Cities around the Bay Area, including San Francisco, continue to issue dozens of permits for plans like these, even when they address future flood risks vaguely — if they do at all. Experts in environmental planning say more regional coordination and legal changes would allow local governments to modify or even prevent new development that might necessitate expensive future solutions, such as creating even more extensive seawalls than are currently needed to protect existing bayside neighborhoods.

A 2012 study of the effects of climate change on the West Coast, published by the National Research Council, found that average high tides will most likely be 3 feet higher permanently.

While this amount of sea rise would put nearly all of the current shoreline at Mission Rock underwater, most computer models also have a statistically less probable but still possible upper range. Under several predictions, seas would rise about 4.6 feet by 2100. With 3.4 feet of additional surge in a “100-year storm,” the total rise would total 8 feet on a really bad day.

It is hard to plan for sea level rise because the uncertainty in future global fossil fuel emissions makes global warming impossible to forecast perfectly. Climate researchers predict that sea level rise will only accelerate by the end of this century as ocean waters expand and glaciers melt.

According to records from the San Francisco Planning Department, in the last five years the city has approved more that 50 projects that are below the 8-foot elevation zone, with estimated development costs of nearly $5 billion.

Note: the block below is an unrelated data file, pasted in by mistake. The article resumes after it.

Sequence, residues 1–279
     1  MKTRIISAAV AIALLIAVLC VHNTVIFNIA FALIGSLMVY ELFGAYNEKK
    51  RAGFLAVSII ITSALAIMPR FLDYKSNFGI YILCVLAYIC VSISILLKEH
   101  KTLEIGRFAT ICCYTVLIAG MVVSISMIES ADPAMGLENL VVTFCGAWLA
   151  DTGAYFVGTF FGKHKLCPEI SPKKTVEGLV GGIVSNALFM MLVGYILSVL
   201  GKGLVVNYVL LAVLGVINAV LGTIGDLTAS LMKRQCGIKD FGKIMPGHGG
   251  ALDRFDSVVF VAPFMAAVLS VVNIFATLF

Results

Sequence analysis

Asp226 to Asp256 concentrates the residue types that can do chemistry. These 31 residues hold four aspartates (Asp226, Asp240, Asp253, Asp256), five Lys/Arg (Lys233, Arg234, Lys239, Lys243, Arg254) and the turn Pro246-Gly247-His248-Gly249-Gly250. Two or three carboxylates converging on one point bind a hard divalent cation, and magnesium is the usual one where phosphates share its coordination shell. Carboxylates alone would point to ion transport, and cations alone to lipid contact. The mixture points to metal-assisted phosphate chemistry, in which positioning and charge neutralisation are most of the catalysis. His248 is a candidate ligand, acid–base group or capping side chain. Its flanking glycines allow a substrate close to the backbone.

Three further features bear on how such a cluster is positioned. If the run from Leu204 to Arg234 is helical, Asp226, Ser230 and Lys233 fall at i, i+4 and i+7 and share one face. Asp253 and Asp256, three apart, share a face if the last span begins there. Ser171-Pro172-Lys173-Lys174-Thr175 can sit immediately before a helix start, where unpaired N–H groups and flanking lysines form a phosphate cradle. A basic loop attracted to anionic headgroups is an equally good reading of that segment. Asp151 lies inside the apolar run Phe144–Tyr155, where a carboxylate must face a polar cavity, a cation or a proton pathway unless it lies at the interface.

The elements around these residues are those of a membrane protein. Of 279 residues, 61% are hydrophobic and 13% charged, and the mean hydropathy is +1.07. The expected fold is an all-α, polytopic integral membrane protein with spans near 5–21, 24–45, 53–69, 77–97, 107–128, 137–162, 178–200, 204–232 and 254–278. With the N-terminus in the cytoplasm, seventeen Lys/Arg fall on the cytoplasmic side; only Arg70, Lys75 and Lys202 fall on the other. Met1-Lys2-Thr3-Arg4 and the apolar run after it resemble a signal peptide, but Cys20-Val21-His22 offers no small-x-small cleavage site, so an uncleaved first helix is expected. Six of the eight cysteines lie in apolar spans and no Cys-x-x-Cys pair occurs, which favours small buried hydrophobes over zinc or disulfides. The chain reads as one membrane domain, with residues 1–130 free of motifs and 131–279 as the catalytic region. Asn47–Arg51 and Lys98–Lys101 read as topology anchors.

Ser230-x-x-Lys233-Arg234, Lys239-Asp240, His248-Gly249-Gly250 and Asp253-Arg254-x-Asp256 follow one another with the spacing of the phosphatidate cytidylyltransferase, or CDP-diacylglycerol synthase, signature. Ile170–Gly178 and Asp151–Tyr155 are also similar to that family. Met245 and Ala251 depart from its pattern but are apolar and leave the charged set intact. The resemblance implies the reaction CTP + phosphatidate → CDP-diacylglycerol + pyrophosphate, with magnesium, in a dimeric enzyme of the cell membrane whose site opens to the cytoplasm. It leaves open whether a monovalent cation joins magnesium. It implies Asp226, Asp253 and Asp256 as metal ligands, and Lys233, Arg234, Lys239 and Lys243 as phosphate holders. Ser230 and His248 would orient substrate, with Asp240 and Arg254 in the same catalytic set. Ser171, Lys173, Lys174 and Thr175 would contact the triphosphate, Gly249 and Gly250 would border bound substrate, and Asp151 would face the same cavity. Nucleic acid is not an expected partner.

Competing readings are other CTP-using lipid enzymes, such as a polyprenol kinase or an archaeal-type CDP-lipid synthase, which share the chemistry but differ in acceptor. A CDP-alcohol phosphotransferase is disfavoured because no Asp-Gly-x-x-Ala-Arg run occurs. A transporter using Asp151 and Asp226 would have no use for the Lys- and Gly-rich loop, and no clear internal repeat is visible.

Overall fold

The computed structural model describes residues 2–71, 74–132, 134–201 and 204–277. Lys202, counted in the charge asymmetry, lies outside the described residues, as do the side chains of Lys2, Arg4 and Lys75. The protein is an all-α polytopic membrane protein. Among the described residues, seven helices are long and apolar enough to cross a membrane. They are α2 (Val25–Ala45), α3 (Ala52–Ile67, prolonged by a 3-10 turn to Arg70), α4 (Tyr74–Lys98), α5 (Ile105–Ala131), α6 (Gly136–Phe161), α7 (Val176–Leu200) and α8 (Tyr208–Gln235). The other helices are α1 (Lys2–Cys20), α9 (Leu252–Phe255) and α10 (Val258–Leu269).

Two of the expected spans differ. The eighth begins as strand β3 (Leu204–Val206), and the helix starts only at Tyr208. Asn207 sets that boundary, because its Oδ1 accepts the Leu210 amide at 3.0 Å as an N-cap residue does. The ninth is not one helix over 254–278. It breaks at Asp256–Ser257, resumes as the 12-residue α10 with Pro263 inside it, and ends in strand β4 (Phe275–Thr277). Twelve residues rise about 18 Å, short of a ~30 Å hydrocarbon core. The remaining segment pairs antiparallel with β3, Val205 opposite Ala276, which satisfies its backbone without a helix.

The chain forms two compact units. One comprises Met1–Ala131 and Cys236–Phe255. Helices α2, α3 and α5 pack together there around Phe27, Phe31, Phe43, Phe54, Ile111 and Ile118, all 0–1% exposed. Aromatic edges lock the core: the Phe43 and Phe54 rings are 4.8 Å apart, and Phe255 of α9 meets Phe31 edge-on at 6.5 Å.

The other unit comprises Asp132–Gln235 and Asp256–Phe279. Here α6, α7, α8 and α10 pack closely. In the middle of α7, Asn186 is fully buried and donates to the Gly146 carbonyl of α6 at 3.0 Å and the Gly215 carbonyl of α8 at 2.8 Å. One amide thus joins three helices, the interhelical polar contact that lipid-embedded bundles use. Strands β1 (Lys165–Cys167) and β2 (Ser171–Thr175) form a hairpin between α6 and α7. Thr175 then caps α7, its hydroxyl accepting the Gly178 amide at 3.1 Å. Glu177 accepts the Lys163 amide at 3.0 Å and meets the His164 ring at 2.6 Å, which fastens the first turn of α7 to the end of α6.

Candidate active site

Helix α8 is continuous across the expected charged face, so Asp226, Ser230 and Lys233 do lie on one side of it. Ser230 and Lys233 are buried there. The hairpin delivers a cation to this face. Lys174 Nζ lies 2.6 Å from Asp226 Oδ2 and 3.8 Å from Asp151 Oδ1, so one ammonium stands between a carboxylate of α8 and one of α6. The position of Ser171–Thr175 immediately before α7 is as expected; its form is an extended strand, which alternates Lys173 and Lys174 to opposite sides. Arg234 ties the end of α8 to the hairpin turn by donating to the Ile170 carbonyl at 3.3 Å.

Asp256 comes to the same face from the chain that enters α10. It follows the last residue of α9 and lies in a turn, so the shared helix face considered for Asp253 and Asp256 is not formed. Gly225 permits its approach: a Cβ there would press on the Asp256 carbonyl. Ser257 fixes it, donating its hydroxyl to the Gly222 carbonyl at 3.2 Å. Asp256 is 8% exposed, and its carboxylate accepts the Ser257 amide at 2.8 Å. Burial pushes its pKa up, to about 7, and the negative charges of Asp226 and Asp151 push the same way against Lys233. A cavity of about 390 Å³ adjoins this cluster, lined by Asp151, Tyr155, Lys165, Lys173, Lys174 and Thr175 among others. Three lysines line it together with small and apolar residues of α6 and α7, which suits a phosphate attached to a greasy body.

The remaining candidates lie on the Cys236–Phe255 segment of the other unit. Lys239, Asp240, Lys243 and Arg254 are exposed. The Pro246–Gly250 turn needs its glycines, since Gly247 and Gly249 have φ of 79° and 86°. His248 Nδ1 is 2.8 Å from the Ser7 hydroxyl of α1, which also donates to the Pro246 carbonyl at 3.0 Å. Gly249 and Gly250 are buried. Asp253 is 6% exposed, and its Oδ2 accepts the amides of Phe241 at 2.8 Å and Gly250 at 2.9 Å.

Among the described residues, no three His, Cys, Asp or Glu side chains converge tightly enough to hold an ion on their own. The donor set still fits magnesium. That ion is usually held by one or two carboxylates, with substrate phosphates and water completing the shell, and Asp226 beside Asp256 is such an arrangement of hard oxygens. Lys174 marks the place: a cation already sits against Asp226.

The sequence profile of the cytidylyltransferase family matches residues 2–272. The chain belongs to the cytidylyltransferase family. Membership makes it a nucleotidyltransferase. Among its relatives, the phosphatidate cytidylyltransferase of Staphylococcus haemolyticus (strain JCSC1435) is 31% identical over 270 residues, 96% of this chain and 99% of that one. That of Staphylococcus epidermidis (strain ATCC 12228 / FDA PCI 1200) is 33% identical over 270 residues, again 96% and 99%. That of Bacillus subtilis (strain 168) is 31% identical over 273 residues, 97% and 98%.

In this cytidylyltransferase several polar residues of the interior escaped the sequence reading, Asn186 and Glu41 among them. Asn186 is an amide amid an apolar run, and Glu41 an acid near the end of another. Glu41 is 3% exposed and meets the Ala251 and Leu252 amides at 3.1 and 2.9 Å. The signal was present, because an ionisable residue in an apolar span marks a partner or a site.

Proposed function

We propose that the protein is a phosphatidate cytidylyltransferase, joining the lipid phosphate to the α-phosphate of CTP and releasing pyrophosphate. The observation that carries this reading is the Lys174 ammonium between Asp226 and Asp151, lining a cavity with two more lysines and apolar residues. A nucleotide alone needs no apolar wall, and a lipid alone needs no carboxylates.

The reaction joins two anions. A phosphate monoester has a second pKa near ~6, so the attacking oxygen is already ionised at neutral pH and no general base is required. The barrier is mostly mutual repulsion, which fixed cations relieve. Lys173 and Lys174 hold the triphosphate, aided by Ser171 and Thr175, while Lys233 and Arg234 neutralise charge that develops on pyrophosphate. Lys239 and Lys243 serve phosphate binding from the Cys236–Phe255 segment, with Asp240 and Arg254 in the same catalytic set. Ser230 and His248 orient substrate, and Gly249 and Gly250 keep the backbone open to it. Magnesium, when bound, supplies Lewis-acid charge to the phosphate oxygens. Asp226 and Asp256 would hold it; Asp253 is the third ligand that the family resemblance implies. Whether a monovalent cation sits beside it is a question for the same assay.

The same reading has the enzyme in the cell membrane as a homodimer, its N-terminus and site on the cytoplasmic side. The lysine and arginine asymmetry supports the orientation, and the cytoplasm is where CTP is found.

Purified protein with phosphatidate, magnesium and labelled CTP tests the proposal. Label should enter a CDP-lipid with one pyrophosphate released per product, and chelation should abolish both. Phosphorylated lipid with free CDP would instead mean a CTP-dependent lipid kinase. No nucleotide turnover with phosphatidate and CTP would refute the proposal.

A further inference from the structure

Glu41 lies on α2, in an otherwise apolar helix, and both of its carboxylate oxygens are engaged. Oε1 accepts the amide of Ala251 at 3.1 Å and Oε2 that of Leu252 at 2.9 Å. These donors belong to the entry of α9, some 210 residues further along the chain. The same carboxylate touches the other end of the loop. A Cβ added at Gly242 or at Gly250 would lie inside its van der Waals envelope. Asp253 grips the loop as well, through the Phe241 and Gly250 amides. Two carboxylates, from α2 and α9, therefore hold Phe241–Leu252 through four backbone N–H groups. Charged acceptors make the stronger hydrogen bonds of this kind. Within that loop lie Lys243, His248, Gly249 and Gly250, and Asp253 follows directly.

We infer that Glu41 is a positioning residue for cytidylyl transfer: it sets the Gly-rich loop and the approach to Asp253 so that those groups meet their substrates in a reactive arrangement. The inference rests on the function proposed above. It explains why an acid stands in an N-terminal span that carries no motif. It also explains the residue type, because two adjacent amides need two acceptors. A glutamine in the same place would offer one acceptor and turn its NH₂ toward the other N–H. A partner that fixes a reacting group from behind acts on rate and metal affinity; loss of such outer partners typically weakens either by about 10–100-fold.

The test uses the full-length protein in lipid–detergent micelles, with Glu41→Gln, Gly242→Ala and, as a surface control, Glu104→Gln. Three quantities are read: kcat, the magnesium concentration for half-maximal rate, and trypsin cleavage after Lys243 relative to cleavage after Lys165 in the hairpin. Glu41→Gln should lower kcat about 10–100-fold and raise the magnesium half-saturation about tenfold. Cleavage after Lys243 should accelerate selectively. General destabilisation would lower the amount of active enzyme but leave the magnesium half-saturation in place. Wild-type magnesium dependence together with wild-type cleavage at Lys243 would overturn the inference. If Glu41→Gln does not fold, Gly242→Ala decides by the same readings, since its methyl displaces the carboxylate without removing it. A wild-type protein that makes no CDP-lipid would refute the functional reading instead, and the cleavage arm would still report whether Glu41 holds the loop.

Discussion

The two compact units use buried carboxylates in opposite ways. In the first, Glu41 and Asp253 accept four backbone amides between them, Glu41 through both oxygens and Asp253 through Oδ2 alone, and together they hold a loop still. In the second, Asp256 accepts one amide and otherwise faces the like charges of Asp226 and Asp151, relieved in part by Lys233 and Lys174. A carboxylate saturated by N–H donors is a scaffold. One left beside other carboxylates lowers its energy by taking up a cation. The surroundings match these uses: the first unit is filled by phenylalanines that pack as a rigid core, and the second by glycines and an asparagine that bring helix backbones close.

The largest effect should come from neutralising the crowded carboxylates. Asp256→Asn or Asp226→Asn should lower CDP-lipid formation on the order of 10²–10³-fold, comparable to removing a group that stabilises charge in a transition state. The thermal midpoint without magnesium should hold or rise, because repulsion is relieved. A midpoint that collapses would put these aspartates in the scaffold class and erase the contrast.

Under the direction of Mayor Ed Lee, a new committee is coordinating a “high-level assessment” of risks and vulnerabilities, and could recommend stricter rules for future private development. City officials have said that any new regulation should be written with a nuanced view of risk, determining more than simply whether a new building would flood, but also by the extent of the potential damage.

In response to criticism in a report from a civil grand jury impaneled to review sea level rise policies, Lee has said it “may be unwise — and expensive — to require immediate measures to adapt to wide-ranging, highly uncertain sea-level rise projections further out in time.”

But so far, sea level rise seems to register next to no mention in the public agenda or on the ballot itself as voters consider big changes to the waterfront.

In the debate over Mission Rock, more immediate concerns carried the day, including how to alleviate the housing shortage.

With some political arm-twisting, Supervisor Jane Kim was able to secure 40 percent of the new housing as “permanently affordable” — homes with rents set artificially lower than what the market will bear. After boosting that portion from an earlier pledge of 33 percent affordable, the baseball team won the support of all 11 members of the Board of Supervisors.

Larry Baer, president of the Giants, told the San Francisco Chronicle that the team was responsive to the needs of the community. “We think we have a proposal that really speaks to the issues of the city today, in real time.”

This story appears in the Winter 2016 print edition. For interactive maps, a review of the science and the story of how Bay Area planners and developers are grappling with a changing coastline, see the summer 2015 cover story, “Sea Level Rise Threatens Waterfront Development.” sfpublicpress.org/searise